Challenging irrationality may require an irrational approach.
Yesterday I read this excellent essay by Johnathan Haidt entitled What Makes People Vote Republican?. I also sent it to Marco, who wrote a blog post on it called Why the Democrats don’t get it …. I strongly recommend reading Haidt’s article, and Marco’s ongoing U.S. political commentary is good stuff too.
In the comments for Marco’s post I wrote:
One important thing to realize is that most people aren’t strictly rational much of the time; rather than change their beliefs they’ll instead rationalize them and reject any challenges to them. Thus, people frequently believe that the system they’re in is really in their best interests, even if it’s objectively not. This is how oppression of all magnitudes (from head scarves to police states) continues to exist; people accept and rationalize it to some degree and thus don’t work harder to throw off the shackles. Making a rational argument against this often won’t work — it’s not that people aren’t aware of the rational points, it’s that they ignore them.
Thinking that “people” are irrational but “we” are not is where the elitist label comes from. Check the polls to see how well that’s doin’.
I do believe there is right and wrong–and that some things are wrong–but I do not just assume I am “more rational” than those who disagree. I think that’s a dangerous preconception to have
My choice of the word “irrational” has a lot to do with the book I’m currently reading: Predictably Irrational: The Hidden Forces That Shape Our Decisions. It’s a great introduction into the field of behavioural economics: the science of decision making and the consequences thereof. The book deals extensively with how people tend to make decisions based on less-significant factors instead of more-significant ones. The classic example is that of the cost of a painkiller drug and its relationship on effectiveness. When patients receive painkillers, the amount of pain reduction they experience is proportional to the the cost they believe the drug posesses. A higher-cost painkiller provides more relief than a lower-cost one, even if the actual drug involved is the same in both cases. These sorts of effects and beliefs are called “irrational” because they exist solely within the human mind, and are often emotionally-based.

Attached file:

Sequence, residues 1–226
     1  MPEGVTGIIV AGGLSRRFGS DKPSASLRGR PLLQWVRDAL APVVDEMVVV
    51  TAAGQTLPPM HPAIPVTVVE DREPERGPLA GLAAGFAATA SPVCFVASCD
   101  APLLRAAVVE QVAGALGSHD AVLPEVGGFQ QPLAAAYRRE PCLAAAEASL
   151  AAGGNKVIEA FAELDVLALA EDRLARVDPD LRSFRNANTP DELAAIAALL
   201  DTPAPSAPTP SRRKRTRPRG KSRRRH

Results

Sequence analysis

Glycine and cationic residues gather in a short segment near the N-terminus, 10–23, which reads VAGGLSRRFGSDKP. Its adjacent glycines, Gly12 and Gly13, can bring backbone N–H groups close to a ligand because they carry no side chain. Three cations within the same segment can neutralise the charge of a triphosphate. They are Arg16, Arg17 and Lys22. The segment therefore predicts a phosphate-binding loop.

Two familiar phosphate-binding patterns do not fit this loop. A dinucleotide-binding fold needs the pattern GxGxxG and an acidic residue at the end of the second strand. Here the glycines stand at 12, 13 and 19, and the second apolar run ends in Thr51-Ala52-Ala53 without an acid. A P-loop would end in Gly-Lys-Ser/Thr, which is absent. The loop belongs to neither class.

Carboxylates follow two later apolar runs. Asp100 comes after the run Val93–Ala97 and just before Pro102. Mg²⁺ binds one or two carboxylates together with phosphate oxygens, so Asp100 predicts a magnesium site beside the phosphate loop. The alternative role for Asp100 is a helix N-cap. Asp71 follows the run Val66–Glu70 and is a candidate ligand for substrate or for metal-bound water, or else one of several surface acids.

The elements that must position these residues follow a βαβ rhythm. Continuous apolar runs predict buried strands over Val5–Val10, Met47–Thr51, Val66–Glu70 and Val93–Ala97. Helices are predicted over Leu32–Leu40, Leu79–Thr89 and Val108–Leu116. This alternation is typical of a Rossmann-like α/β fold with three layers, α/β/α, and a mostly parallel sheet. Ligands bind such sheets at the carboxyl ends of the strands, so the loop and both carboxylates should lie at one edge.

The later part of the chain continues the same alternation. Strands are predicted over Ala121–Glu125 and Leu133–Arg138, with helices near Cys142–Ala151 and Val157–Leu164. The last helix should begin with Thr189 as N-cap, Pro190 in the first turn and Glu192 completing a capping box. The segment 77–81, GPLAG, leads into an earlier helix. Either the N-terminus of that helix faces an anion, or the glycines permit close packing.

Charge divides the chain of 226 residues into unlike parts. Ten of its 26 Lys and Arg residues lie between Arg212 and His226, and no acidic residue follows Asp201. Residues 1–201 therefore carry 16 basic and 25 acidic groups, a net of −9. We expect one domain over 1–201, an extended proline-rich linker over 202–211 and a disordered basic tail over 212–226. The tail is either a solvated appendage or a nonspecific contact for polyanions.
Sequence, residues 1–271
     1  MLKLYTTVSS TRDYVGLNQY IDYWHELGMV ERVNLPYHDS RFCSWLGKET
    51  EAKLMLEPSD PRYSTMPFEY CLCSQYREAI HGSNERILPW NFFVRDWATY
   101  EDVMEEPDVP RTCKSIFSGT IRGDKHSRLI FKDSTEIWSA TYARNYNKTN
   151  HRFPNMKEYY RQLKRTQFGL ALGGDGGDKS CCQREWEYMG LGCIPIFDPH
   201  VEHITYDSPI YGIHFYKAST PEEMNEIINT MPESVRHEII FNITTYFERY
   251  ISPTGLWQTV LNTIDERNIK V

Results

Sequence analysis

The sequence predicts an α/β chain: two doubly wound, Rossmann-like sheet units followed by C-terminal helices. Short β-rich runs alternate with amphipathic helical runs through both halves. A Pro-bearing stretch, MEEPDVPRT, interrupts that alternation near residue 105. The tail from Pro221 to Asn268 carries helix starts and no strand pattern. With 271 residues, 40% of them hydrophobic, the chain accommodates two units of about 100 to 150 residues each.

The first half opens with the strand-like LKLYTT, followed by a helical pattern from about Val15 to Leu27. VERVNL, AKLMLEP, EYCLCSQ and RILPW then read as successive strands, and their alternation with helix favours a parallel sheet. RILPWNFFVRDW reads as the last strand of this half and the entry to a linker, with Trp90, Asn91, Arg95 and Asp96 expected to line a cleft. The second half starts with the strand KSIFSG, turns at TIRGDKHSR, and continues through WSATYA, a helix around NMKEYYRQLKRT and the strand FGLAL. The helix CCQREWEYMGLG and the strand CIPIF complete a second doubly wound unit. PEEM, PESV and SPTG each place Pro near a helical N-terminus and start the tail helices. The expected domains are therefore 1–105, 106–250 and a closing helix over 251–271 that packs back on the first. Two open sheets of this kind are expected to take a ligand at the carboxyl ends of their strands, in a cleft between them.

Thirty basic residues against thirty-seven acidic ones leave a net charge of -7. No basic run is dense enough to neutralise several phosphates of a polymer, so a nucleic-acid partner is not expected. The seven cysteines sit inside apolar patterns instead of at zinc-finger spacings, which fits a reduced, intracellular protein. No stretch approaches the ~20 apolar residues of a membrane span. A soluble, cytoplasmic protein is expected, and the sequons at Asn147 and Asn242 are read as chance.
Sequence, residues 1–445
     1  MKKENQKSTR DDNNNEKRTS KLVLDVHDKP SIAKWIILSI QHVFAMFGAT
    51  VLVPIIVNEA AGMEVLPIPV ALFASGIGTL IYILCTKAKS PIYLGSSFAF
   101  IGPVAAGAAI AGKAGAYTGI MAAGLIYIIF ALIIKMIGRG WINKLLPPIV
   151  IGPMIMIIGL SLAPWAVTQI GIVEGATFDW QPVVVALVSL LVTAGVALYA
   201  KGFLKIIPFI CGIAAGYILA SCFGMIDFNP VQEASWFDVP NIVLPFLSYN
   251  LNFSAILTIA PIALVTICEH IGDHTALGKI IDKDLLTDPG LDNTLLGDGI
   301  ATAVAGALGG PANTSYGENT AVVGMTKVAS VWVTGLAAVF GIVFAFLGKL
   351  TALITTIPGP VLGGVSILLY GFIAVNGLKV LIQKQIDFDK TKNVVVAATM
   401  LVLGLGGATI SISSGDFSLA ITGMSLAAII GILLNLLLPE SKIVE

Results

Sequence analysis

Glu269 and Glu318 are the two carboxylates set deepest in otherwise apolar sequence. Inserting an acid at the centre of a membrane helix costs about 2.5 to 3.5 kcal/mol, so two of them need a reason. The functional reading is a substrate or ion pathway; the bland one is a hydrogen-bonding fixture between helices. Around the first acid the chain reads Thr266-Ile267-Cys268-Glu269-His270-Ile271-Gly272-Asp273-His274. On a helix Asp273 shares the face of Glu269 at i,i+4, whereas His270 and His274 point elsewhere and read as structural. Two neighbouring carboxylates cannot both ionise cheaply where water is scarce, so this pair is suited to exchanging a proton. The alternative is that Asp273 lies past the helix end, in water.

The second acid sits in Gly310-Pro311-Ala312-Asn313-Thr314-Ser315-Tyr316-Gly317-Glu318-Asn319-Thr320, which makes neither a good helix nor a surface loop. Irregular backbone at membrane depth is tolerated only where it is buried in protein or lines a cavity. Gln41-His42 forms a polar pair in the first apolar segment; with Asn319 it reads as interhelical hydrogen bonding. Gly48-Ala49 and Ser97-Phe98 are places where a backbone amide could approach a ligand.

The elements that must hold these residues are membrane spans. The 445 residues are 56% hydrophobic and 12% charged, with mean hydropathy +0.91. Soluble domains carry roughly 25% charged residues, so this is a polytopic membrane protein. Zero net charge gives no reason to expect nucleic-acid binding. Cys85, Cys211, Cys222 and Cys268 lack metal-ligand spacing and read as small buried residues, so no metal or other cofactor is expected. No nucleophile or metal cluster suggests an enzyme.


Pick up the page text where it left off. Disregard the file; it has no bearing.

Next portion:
The point I was trying to make in my post was that irrationality will often trump rationality in the mind of a person. If that is the case, then attempting to change belief and behavior by making a strictly rational argument is doomed to fail. This is similar to what Haidt writes; he implores the U.S. Democrats to adjust their strategy (but not their principles) to trigger the value judgements of a wider range of voters (something that the U.S. Republicans have been more successful at over the past two decades). My belief is that any position must take into account (and probably leverage) the irrationality that exists within people in order to be successful. Where Haidt and I overlap is concerning held values that happen to be irrational. We both agree that these cannot be ignored — which how they are treated by significant portion of the Americal liberal population. Because this same population also tends to be more educated than the rest, they also receive the label “elitist”, which further alientates them and hurts their cause.
As Marco correctly points out, there is plenty of risk surrounding the question of rationality. We all act irrationally at least some of the time, and we all (irrationally) misjudge how much our beliefs are rational. Any truly rational action will have to take this into account by imposing objective checks upon itself. Assuming that disagreement equals irrationality (as Marco puts it) is certainly counterproductive.